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Long term care: the state and the family

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  • Pierre Pestieau
  • Motohiro Sato

Abstract

In this paper we study the optimal design of a long term care policy in a setting that includes two types of care to dependent parents: financial assistance and assistance in time by children. The instruments are subsidies to aiding children, financed by a flat tax on earnings. The only source of heterogeneity is children's productivity. Parents can influence their children by leaving them gifts before they know whether or not they will need long term care, yet knowing the productivity of the children. The tax-transfer policy is shown to depend on its effect on parental gifts, on children's labor supply, on the distribution of wages and on consumption inequality between parents and children and between children having dependent parents and children having healthy parents.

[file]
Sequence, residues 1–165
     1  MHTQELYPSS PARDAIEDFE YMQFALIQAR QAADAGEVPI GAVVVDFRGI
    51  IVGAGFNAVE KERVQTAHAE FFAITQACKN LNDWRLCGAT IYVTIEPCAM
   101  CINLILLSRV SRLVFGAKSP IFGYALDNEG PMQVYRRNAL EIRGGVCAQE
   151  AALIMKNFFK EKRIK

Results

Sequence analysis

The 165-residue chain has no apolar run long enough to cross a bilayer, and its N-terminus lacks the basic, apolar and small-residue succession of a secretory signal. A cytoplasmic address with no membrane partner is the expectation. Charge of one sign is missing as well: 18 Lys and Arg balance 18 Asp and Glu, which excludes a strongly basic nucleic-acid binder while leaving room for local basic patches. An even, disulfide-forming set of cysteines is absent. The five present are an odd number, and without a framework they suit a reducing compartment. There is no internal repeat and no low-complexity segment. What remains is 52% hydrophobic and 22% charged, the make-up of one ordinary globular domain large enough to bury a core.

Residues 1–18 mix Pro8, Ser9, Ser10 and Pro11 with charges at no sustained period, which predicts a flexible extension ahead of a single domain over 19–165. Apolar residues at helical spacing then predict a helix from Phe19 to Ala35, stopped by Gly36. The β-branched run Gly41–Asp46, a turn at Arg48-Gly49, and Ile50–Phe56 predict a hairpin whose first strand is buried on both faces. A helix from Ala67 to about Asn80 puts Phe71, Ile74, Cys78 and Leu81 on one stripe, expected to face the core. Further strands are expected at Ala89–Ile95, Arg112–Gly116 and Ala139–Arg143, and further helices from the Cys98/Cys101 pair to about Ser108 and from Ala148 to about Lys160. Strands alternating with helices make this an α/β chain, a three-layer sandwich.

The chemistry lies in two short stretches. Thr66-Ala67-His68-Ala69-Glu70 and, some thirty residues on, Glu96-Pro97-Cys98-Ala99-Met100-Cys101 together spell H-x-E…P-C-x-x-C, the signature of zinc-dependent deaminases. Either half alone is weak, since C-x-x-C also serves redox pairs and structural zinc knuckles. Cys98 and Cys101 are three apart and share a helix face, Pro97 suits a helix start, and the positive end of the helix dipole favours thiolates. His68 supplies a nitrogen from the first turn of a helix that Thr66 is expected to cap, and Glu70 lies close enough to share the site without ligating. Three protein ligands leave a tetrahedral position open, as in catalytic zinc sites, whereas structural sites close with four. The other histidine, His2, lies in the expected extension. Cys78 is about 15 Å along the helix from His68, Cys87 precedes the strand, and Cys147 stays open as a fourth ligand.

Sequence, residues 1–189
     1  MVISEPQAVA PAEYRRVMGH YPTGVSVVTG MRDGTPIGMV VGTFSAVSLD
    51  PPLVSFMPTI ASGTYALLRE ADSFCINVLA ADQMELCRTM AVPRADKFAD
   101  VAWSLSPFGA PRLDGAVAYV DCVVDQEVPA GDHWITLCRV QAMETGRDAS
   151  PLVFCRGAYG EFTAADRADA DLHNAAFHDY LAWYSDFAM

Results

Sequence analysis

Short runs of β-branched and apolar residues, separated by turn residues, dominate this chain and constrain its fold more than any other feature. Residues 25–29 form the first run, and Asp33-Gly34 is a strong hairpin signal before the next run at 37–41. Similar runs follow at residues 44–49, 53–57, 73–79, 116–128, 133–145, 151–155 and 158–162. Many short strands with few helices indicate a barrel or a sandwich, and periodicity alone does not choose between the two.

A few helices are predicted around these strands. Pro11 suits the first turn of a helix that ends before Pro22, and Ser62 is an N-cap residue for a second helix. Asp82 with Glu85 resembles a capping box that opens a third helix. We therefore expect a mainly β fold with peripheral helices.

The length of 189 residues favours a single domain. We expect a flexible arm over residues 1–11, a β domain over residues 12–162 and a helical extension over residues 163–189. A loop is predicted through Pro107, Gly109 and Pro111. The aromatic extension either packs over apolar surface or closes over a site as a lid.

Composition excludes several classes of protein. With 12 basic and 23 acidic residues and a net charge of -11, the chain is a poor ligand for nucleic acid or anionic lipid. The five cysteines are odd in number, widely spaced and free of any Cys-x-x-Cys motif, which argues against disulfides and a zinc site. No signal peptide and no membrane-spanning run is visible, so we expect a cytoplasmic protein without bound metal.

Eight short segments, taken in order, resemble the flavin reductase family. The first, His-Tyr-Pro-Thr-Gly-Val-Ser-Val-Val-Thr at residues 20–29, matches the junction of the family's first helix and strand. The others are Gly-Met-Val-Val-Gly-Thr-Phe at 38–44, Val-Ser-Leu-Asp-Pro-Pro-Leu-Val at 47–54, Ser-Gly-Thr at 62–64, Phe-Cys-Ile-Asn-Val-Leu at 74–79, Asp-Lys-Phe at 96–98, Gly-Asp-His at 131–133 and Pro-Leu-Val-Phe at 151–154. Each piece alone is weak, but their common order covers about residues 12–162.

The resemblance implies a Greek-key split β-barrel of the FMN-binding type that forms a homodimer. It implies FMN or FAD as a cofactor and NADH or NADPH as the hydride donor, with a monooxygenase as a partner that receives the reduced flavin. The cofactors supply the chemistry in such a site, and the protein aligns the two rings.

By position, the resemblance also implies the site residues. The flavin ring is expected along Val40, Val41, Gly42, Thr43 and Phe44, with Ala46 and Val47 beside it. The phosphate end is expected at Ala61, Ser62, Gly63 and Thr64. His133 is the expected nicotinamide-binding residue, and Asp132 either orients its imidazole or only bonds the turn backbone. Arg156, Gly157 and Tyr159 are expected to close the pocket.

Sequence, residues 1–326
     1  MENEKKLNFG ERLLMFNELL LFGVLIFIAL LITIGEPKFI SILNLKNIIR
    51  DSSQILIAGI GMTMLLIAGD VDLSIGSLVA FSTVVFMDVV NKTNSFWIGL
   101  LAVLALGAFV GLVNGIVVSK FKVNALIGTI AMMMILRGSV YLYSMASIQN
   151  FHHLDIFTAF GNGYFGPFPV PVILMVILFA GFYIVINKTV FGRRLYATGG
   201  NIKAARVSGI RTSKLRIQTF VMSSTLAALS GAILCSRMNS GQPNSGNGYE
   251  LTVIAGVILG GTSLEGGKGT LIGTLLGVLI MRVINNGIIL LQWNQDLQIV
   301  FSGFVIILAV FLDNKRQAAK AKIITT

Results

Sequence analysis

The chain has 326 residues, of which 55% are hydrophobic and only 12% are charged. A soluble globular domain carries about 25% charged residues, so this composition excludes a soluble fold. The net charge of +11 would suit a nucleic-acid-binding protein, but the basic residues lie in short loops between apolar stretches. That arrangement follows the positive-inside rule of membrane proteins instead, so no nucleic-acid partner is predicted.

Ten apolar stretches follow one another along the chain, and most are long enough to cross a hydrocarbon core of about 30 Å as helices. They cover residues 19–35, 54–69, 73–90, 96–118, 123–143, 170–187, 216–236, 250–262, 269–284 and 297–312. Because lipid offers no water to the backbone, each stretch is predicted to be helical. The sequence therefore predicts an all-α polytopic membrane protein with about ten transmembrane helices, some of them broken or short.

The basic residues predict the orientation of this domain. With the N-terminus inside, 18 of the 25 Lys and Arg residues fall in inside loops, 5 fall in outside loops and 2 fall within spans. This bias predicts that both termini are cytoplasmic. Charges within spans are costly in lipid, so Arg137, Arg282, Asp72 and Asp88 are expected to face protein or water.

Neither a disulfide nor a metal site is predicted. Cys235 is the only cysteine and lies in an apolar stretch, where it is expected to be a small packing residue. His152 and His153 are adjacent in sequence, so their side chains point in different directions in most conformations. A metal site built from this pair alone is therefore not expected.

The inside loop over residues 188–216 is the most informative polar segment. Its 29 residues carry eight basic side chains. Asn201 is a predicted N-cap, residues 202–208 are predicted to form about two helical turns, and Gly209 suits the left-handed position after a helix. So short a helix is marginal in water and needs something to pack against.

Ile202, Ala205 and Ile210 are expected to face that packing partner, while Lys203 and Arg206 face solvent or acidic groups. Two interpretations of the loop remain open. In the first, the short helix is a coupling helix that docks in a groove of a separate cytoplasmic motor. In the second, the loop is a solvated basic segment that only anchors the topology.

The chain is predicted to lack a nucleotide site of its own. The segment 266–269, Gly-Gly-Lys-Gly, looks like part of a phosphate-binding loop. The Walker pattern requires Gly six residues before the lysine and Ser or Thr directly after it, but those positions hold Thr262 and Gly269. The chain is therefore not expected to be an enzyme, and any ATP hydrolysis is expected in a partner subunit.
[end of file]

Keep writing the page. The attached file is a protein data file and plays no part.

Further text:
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  • Pierre Pestieau & Motohiro Sato, 2006. "Long term care: the state and the family," Annals of Economics and Statistics, GENES, issue 83-84, pages 151-166.
  • Handle: RePEc:adr:anecst:y:2006:i:83-84:p:151-166
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    File URL: http://www.jstor.org/stable/20079166
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    Cited by:

    1. CREMER, Helmuth & PESTIEAU, Pierre & PONTHIERE, Grégory, 2012. "The economics of long-term care: a survey," CORE Discussion Papers 2012030, Université catholique de Louvain, Center for Operations Research and Econometrics (CORE).
    2. Pestieau, Pierre & Ponthiere, Gregory, 2016. "Long-term care and births timing," Journal of Health Economics, Elsevier, vol. 50(C), pages 340-357.
    3. Cigno, A., 2016. "Conflict and Cooperation Within the Family, and Between the State and the Family, in the Provision of Old-Age Security," Handbook of the Economics of Population Aging, in: Piggott, John & Woodland, Alan (ed.),Handbook of the Economics of Population Aging, edition 1, volume 1, chapter 0, pages 609-660, Elsevier.

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